“Jesus Christ, what in the fuck did you do to my face? Where the fuck is my face” (Identity) the main actor in the movie Identity by Columbia Pictures presenting a Konrad Pictures production a film by James Mangold. and shows his discomfort and his misunderstanding of what is going in his life when he is face to face with many lawyers and a judge; along with the Doctors trying to convince them that this man is not the killer of the people, but instead that was just one of his identities that should no longer exist. Unknowingly, the Edward (the main actor) is having a had time understanding why when he looks into a mirror he doesn’t see his face but instead he sees the face of the murdered.
He soon comes to realized that he is that just a of many of this mans identities. The term Dissociative identity disorder is being used rather than the more well known term, Multiple Personality Disorder because it was said to a misleading term. This disorder is nothing to be over looked as a mere problem in the brain; instead, it is a very complex problem that is not easily treated. To have a complete understand of Dissocialiative Identity Disorder, and to understand the steps to getting this disorder; moreover, the treatments, are all the main concepts that should be fully understood.
Although dissociative identity disorder (formerly called multiple personality disorder) is extremely rare and difficult to diagnose, it seems to be awfully popular with numerous Hollywood interpretations. The Three Faces of Eve does a fairly admirable job of conveying the disorder even though information defining the illness was (and still is) limited at the time the movie was made. Eve White, Eve ...
To understand DID to it’s fullest, one must look at all the different aspects. The definition of dissociative identity Disorder is defined as “a mental process, which produces a lack of connection in a person’s thoughts, memories, feelings, acions, or sens of identity” (www.sidran.org).
For a well rounded understanding, some of the symptoms of DID are as followed: depression, mood swing, suicidal tendencies, sleep disorders, panic attacks and phobias, alcool and drug abuse, compulsions and rituals, psycotic-like symptoms, headaches, amnesisas, time loss, trances, “out of body experiences,” self-persecution, self-sabotage, and even violence toward others and themselves. It is not to say that if you have any of these symptoms that you automatically have Dissociative Identity Disorder, but if you did have maybe a few of them, you should maybe start contemplating getting checked into a mental institute to be checked out. The fact is that on an average, it takes about seven years for a patient to be properly diagnosed with DID because they are misdiagnosed for so long and just thrown around from psychiatrist to psychiatrist.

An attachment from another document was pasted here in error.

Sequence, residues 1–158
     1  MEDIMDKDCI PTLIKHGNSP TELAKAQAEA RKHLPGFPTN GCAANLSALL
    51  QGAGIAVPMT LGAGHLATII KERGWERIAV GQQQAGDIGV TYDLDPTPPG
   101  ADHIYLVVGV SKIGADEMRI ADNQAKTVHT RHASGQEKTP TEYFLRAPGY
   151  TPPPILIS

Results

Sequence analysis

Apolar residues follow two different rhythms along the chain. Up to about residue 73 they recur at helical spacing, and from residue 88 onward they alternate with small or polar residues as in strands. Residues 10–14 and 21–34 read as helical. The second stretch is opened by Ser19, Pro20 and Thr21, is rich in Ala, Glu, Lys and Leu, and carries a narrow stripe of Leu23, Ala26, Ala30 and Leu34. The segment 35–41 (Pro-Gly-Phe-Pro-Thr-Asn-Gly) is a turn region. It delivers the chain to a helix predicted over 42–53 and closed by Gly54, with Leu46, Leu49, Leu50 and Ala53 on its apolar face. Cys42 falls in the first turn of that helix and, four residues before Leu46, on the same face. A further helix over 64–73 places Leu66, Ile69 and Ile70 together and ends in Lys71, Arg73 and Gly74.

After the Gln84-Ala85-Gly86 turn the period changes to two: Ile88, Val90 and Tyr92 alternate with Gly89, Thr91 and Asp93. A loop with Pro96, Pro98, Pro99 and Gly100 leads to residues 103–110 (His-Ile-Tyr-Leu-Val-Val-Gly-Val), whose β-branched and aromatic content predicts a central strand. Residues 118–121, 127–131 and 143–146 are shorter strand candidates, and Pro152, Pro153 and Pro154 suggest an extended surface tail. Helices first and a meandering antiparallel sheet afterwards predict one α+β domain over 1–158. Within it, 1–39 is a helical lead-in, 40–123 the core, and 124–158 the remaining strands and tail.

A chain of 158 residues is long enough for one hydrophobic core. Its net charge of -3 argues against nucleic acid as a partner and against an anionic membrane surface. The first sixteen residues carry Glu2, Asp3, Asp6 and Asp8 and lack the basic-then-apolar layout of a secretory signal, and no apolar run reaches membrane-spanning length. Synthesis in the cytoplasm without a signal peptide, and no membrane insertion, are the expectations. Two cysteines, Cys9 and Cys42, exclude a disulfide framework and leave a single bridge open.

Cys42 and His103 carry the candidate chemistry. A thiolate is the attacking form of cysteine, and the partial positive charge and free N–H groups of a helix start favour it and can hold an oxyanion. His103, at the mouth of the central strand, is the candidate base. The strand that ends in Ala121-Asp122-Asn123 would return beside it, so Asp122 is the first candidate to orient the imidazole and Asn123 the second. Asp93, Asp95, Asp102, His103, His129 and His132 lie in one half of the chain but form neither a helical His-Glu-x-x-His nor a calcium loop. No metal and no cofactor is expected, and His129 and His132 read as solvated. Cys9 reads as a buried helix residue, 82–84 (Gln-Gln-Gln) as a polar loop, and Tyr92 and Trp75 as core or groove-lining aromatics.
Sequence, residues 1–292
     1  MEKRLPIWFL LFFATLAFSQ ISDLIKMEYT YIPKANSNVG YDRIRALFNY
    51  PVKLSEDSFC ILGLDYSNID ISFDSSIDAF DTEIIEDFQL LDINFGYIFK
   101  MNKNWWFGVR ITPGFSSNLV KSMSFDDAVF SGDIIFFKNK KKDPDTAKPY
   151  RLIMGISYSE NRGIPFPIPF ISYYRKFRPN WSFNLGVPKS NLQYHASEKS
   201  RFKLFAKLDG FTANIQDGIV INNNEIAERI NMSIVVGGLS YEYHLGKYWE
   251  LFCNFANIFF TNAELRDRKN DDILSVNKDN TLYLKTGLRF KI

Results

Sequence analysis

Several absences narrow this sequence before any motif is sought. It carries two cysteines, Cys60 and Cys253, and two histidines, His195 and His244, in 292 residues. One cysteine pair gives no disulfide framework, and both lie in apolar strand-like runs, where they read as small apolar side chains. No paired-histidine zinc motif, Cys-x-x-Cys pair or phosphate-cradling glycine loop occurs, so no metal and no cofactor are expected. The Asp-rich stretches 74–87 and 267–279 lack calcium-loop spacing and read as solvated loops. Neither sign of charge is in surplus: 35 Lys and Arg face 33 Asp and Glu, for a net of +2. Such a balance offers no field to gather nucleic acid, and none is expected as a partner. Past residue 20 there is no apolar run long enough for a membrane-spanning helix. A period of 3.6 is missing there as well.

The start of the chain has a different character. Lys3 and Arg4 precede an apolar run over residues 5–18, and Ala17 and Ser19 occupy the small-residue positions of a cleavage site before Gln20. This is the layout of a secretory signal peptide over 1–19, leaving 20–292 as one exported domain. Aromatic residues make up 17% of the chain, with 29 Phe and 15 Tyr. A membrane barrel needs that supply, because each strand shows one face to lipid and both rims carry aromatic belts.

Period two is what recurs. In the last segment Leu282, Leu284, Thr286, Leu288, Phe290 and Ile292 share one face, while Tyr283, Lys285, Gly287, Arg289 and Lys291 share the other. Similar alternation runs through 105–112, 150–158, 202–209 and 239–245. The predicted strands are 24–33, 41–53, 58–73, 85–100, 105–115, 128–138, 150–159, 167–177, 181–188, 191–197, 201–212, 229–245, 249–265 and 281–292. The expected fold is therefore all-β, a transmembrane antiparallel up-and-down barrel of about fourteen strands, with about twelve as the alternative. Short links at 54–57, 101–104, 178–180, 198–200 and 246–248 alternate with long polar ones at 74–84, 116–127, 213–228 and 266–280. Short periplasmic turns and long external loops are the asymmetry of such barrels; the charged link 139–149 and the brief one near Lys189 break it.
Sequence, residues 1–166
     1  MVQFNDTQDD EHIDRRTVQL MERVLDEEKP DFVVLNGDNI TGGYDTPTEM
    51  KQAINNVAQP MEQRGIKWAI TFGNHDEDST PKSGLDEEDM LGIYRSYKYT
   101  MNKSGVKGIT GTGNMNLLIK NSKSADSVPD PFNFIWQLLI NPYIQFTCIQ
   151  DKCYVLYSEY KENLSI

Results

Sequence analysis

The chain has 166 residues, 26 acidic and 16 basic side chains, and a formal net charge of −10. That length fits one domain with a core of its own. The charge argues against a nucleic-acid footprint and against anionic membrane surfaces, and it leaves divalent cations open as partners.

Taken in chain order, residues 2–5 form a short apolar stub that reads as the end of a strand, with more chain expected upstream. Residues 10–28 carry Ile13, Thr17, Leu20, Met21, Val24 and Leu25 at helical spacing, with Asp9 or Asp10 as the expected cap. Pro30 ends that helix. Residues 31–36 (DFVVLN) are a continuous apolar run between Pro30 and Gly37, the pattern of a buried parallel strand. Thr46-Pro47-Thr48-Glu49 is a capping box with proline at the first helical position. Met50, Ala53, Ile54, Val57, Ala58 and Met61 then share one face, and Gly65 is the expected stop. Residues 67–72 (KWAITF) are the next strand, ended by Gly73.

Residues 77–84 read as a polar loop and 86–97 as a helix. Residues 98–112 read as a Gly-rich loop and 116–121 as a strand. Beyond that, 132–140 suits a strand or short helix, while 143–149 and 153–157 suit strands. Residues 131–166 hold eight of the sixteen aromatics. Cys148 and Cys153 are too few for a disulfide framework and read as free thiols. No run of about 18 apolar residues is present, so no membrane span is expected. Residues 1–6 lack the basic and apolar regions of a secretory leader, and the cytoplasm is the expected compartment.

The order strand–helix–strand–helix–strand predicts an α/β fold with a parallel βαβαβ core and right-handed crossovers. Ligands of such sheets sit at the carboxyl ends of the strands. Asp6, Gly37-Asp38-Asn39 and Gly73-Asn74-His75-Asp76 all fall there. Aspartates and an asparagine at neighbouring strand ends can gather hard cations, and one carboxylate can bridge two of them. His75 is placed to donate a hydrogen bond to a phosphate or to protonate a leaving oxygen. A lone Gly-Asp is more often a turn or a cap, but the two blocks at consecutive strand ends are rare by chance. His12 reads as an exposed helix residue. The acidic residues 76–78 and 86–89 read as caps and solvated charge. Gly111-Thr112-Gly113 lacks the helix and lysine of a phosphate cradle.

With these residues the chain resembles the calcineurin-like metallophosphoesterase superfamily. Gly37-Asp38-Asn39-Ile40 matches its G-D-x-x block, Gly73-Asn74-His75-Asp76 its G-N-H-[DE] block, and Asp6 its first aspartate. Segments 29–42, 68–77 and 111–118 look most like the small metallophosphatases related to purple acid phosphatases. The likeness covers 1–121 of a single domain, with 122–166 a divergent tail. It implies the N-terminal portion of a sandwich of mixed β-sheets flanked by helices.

For the majority of the people that do end up having DID, they are the ones that had a history of large problems whether they were emotionally or phsically usually before the age of nine; before the age of nine because their brains are still very underdeveloped and still much mor evulnerable to their environment. A few statistics of who is affected and who is not affected is that “Current research shows that DID may affect 1% of the general population and perhaps as many as 5-20% of people in psychiatric hospitals, many of whom have received other diagnoses” (www.sidran.org).
That is just one of many statistics of who is affected by DID, and who are lucky enough to not have to deal with it. For the last few years, it has always been said that women have been more prone to getting DID, but new research has uncovered that men are just as prone to get DID as women. The majority of men that do get DID are already in for abuse of alcohol or drugs or abusing something. The steps to such a disorder is better described by Dr. Piper and Dr. Merskey.
... DID. I think that the connection between child abuse and Dissociative Identity Disorder bears a causative nature. It means the following: ... to determine because the abuse becomes the hidden feature in a person. And people, who have been abused in their childhood, may ... According to Encyclopaedia Britannica, multiple personality commonly results from traumas suffered in ones childhood and it is treated ...
Dr. Piper and Dr. Merskey help to define the trigger of dissociative identity disorder as a “personal defensive response” of a childhood trauma, usually involving a sexual or physical encounter. Statistics show that “60% to 75% of DID patients have been physically abused, 68% to 83% sexually abused, and 89% to 97% either physically or sexually abused in childhood” (Piper and Merskey 593).
It is also stated that the main cause of DID comes from childhood traumas. These traumas could include but are not limited to physical or sexual abuse from parents or authoritative persons. The main doctor on Identity simplifies the whole process as “When faced with an intense trauma a child’s mind my fracutre creating dissociated identites” (Identity).